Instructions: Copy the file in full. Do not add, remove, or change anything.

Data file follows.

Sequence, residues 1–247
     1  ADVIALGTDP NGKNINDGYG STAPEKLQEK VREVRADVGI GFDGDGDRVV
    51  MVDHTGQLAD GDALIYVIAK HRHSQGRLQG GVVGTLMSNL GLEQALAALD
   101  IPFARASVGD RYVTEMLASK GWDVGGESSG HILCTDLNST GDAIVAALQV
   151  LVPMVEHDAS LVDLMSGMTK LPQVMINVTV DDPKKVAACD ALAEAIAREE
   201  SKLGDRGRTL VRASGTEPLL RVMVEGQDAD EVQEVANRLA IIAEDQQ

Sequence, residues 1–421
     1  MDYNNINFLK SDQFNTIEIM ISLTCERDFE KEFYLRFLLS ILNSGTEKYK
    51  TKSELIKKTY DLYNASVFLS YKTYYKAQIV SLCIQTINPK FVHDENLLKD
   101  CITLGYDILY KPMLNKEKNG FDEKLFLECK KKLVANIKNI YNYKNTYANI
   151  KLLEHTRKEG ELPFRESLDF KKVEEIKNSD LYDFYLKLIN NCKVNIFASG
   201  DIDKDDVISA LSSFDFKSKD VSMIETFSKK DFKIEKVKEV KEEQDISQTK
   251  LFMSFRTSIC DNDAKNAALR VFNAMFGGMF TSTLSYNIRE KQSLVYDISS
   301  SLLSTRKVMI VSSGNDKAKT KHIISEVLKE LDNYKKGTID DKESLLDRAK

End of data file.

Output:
Sequence, residues 1–247
     1  ADVIALGTDP NGKNINDGYG STAPEKLQEK VREVRADVGI GFDGDGDRVV
    51  MVDHTGQLAD GDALIYVIAK HRHSQGRLQG GVVGTLMSNL GLEQALAALD
   101  IPFARASVGD RYVTEMLASK GWDVGGESSG HILCTDLNST GDAIVAALQV
   151  LVPMVEHDAS LVDLMSGMTK LPQVMINVTV DDPKKVAACD ALAEAIAREE
   201  SKLGDRGRTL VRASGTEPLL RVMVEGQDAD EVQEVANRLA IIAEDQQ

Sequence, residues 1–421
     1  MDYNNINFLK SDQFNTIEIM ISLTCERDFE KEFYLRFLLS ILNSGTEKYK
    51  TKSELIKKTY DLYNASVFLS YKTYYKAQIV SLCIQTINPK FVHDENLLKD
   101  CITLGYDILY KPMLNKEKNG FDEKLFLECK KKLVANIKNI YNYKNTYANI
   151  KLLEHTRKEG ELPFRESLDF KKVEEIKNSD LYDFYLKLIN NCKVNIFASG
   201  DIDKDDVISA LSSFDFKSKD VSMIETFSKK DFKIEKVKEV KEEQDISQTK
   251  LFMSFRTSIC DNDAKNAALR VFNAMFGGMF TSTLSYNIRE KQSLVYDISS
   301  SLLSTRKVMI VSSGNDKAKT KHIISEVLKE LDNYKKGTID DKESLLDRAK